Churches that violate state securities laws face a variety of potential consequences under state and federal securities laws. These include investigations, hearings, subpoenas, injunctions, criminal actions, cancellation of sales, suits for monetary damages by aggrieved investors, monetary fines, and revocation of an exemption, or registration, of securities.
Key point. It is important to recognize that “good faith” (a lack of an intention to deceive, or lack of knowledge that a particular transaction is either fraudulent or otherwise in violation of securities law) does not necessarily protect against liability. To illustrate, some courts have ruled that the sale of unregistered securities in violation of state securities law is punishable despite the innocent intentions of the seller. 63 Moerman v. Zipco, Inc., 302 F. Supp. 439 (E.D.N.Y. 1969), aff’d, 422 F.2d 871 (2nd Cir. 1970); Trump v. Badet, 327 P.2d 1001 (Ariz. 1958).However, civil lawsuits by investors alleging fraud in the sale of securities must demonstrate an actual intent to deceive or defraud.64 The United States Supreme Court so held in Ernst & Ernst v. Hochfelder, 425 U.S. 185 (1976). While the Ernst decision dealt only with proof of an intent to deceive under the antifraud provisions of federal securities law, the decision has been held to apply by implication to private actions under the antifraud provisions of state securities laws. See, e.g., Greenfield v. Cheek, 593 P.2d 293 (Ariz. 1978).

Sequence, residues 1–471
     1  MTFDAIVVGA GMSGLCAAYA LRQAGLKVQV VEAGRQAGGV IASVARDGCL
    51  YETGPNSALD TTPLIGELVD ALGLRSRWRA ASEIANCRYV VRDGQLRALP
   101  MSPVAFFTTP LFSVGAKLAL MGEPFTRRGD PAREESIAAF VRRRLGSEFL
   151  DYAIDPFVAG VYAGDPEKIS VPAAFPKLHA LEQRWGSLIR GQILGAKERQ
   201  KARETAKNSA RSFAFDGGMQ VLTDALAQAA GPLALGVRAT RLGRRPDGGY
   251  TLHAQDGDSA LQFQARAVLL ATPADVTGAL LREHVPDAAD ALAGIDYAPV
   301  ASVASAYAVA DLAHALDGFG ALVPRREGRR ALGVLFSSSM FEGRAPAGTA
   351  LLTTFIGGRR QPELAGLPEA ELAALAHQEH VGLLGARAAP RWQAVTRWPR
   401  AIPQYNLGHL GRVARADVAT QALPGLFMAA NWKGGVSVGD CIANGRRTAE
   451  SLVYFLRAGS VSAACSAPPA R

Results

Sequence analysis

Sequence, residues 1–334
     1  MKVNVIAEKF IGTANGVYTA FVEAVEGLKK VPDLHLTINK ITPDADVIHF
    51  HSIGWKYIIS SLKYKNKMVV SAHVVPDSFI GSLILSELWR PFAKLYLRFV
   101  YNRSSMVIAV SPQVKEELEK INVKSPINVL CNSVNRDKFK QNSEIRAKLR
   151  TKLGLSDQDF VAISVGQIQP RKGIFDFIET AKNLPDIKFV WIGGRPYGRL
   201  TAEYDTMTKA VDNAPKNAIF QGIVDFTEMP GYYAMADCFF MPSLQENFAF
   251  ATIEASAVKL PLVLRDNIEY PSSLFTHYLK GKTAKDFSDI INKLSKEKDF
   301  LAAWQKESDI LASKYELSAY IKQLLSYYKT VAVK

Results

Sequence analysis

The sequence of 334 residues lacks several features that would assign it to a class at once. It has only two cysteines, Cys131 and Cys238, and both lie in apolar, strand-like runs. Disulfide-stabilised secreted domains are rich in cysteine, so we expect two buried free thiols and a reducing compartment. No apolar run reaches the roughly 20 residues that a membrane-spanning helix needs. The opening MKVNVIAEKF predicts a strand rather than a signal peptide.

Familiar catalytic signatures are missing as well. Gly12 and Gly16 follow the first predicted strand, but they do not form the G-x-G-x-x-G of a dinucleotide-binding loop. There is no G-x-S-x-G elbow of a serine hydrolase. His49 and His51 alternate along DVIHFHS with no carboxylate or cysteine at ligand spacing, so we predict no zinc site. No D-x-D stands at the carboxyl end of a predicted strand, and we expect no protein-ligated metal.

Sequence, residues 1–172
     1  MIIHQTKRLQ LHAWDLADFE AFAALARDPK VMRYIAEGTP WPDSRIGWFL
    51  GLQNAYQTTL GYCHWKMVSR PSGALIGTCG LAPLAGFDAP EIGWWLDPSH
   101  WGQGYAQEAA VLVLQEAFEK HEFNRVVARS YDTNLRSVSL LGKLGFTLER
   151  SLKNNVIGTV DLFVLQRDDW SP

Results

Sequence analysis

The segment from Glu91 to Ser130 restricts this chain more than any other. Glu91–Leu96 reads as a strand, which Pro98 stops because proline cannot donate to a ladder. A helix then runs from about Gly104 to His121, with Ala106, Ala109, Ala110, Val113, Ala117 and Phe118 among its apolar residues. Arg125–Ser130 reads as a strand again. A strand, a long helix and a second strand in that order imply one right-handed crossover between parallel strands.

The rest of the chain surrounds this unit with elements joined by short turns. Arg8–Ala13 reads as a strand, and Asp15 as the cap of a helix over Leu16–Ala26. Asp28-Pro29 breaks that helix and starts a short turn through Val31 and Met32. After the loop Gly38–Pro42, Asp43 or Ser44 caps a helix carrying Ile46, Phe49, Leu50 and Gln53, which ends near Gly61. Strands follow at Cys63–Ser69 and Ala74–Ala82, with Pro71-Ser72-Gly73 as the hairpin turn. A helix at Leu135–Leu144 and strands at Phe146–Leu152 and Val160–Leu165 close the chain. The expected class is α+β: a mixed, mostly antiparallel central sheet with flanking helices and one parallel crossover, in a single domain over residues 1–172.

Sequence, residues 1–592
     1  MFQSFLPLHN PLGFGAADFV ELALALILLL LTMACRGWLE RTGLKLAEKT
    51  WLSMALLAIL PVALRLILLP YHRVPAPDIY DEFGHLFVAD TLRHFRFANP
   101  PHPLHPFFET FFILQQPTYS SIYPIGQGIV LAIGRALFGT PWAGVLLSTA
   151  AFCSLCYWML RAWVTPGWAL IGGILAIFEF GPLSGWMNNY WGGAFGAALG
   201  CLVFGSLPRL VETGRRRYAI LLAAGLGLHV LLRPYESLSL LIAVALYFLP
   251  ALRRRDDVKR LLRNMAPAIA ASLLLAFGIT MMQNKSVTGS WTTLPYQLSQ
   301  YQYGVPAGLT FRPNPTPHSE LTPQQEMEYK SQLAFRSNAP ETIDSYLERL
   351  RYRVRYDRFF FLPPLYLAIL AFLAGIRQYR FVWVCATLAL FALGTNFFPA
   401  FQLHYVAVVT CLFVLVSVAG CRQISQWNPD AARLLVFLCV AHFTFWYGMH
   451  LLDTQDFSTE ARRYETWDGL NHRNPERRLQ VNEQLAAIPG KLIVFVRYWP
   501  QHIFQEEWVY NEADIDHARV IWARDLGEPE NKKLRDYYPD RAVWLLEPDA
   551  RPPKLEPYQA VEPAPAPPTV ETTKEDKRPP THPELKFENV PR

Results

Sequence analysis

- The Virginia Division of Securities investigated a church’s securities program, and concluded that the church violated state securities law by selling unregistered securities in the form of bonds called “Certificates of Faith,” and using unregistered agents in the sale of the securities. The church entered into a settlement offer with the Division, which required it to make a rescission offer to all bondholders including an explanation for the reason for the rescission offer. The church also agreed to offer only securities that are registered under the Virginia Securities Act or are exempted from registration, and to offer and sell such securities only through agents who are registered under the Virginia Securities Act or who are exempted from registration.65 Commonwealth of Virginia v. Unity Christ Church, 1996 WL 392586 (Va. Corp. Com. 1996).
- A state corporation commission launched an investigation into a church’s bond program as a result of the following allegations: (1) the church’s prospectus omitted disclosure of defaults by the church on bonds it issued in 1984 and 1987; (2) the financial statements included with the church’s prospectus failed to properly reflect the total accrued interest on outstanding bonds; and (3) the prospectus issued to investors falsely represented that the church was current in its sinking fund payments for prior bond offerings. The commission entered into a settlement with the church which contained a number of terms, including the following: (1) payment of a fine; (2) an assurance that the church would not engage in any further practices in violation of state securities law; (3) an audit of the church’s financial records; (4) the formulation of a financial plan by which all holders of outstanding bonds will be paid full principal and interest in accordance with the terms of their bond agreements; and (5) distribute to all bondholders a disclosure document, approved by the commission, disclosing all previous omissions, the church’s current financial status, and its plan for the full repayment of all outstanding bonds.66 Commonwealth of Virginia v. Zion Apostolic Christian Memorial Church, 1998 WL 514271 (Va. Corp. Com. 1998).